India's first oriental seminary (1829), Kolkata, W.Bengal

Oriental Seminary,
Oriental Seminary,
The political, cultural and communication scenario saw a change with the consolidation of East India company in places such as Madras (Chennai), Surat, Bombay and Calcutta. As the British merchants were more active in Calcutta and surrounding areas, a working knowledge of English became a key factor in seeking trade, employment opportunities, etc. There were already other institutions such as The Hindu College (1816), the Calcutta School Book Society (1817) and the Calcutta School Society (1818). These followed certain guide lines as fixed by the Orientalists and the English. The Sanskrit college started in 1824 with support from the Government followed the similar lineA section   patriotic  Bengalies  realized the increasing importance of English in a changing situation  but, at the same time,  never wanted to lose sight of India's ancient culture.

The Oriental Seminary, the earliest and largest  privately run, first-rate school for children of Hindu parents in Kolkata (then known as Calcutta) was started  in 1829 by  Gour Mohan Addy, a self-taught man, who had deep interest in education and Indian culture. After a few early locations, the school is presently  is located on Rabindra Sarani (earlier known as Chitpur Road) in Jorasanko, Calcutta. Shri Gour Mohan  Addy, driven by patriotic zeal,  took keen interest in educating Bengalis, in particular, Hindus in a traditional way,  thus following western style syllabus without deviating from the ancient culture and tradition. It was not only India's  first  fully privately owned school, but also Hindu school. The Oriental Seminary played a valuable role in Bengal's renaissance.

This school was specifically started for Hindu boys to learn English besides other subjects. The Hindus decided to avoid schools run by missionaries to learn English,  as their children  were subject to  substantial religious influence by the over enthusiastic missionaries. Some of them  openly indulged in such unpalatable activities in the name of imparting English education.  Further, in some states there were religious conversions in the missionary schools that offered free board and lodging to the converts. This was done in a subtle way and the then British government turned a blind eye to such instances. Hence a situation developed for both Muslims and Hindus to have their own schools where such religious compulsion or over exposure won't occur.
Oriental Seminary, Calcutta,
Establishment of private schools for non Christians for  learning free from imposition of other religious belief became a necessity.  With the advent of so manEnglish schools, traditional schools imparting Sanskrit and Persian began to lose importance among ambitious parents.   The Governor of Bengal, Lord Carmichael, in 1914 presided over the inaugural function of the new oriental school that had facilities to teach English.  Gour Mohan Addy (January 20, 1805 – March 3, 1846) ran the school without any support from the Government. He did not get any financial support from any society or individuals. and he hired an assortment  well qualified  Indian, European and English people. Skills in good spoken and written English  were needed in those days, so,  the founder took pain to employ British teachers  to teach the English language.  Well-known Shakespearean scholar  and teacher  Captain D.L. Richardson also taught English in the school. Geoffrey, a Frenchman and polyglot, during his tenure,  made this school very popular. In 1936 and in later  years because of more demands from  young parents  for such a school, additional branches were started at various locations -  Chitpur, Bhowanipur and Belghoria. Girls section was opened as far back as 1934. The school building built by the construction company Martin and Burn company became a heritage building in 1991. Anne Besant in 1926 presided over the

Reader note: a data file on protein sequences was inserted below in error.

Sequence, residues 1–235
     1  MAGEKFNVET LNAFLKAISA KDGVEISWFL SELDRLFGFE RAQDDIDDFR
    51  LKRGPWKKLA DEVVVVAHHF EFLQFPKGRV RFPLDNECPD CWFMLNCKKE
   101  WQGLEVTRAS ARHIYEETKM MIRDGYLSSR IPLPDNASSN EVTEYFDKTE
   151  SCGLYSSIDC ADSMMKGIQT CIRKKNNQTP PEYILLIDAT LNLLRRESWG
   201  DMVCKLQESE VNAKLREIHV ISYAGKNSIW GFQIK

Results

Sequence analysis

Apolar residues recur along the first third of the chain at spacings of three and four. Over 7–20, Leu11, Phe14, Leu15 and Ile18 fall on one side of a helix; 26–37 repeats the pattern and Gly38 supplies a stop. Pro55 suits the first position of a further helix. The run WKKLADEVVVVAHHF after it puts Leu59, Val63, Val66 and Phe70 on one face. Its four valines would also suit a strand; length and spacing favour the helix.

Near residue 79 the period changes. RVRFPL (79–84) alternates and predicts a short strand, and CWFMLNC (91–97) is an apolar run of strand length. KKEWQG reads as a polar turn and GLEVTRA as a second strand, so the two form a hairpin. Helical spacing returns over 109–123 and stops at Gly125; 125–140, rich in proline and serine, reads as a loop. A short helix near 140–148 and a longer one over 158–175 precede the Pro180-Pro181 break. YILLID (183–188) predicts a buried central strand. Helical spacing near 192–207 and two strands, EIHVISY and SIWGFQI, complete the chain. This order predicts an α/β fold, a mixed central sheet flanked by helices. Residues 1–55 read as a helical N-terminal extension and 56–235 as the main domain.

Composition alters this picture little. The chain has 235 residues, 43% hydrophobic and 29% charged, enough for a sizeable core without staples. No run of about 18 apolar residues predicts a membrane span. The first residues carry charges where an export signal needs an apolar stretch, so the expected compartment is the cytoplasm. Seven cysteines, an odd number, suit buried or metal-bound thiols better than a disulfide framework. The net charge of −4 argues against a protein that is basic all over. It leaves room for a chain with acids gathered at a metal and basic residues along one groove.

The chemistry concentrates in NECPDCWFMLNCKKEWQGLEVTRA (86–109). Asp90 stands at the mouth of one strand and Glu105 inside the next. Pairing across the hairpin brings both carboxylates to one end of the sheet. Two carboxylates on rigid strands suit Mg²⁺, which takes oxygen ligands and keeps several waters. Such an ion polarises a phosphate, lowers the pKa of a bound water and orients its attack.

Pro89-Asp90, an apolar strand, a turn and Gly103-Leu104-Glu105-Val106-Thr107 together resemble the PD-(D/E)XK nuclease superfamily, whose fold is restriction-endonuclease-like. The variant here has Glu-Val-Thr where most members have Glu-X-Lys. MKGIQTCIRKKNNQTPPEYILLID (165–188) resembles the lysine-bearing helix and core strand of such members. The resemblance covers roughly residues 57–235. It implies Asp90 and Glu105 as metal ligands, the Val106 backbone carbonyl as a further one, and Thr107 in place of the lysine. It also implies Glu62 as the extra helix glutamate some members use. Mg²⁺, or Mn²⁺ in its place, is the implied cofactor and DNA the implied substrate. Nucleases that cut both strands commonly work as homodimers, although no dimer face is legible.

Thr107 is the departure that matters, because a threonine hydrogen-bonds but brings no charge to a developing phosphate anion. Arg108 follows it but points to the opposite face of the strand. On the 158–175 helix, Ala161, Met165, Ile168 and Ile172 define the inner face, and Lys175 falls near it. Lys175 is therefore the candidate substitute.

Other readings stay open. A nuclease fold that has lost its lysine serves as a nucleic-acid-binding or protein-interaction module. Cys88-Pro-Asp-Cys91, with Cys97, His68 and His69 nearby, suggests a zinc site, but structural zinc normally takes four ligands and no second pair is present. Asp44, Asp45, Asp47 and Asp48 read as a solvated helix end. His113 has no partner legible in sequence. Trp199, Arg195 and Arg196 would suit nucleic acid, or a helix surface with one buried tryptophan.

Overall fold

annual school function. Sir Ashutosh Mukhopadhyay,
well-known  Bengali intellectual, had a long stint with this historical school from 1907 to 1922 as the president of its governing body. Its alumni included several well known people including Nobel laureate Rabindranath Tagore who completed his early education here. Well-known British who visited this school included Sir Edward Ryan, Sir Henry Seton, Sir Lawrence Peel, Lord Auckland, Lord Jocelyn, et al. 

In 1853, Oriental Theater  formed by the students  initially staged Shakespeare dramas in English which did not get any response. So later they staged Bengali dramas. Later the school theater activities declined for unknown reasons. As happened to many historical institutions,  this colonial oriental school may appear with a faded glory, but still retains the legacy that has lasted more than 184 years  
After the death of Gour Mohun on Feb 23rd 1845, his brother, Hurrakisto Addy, took over the administration and kept up the tradition.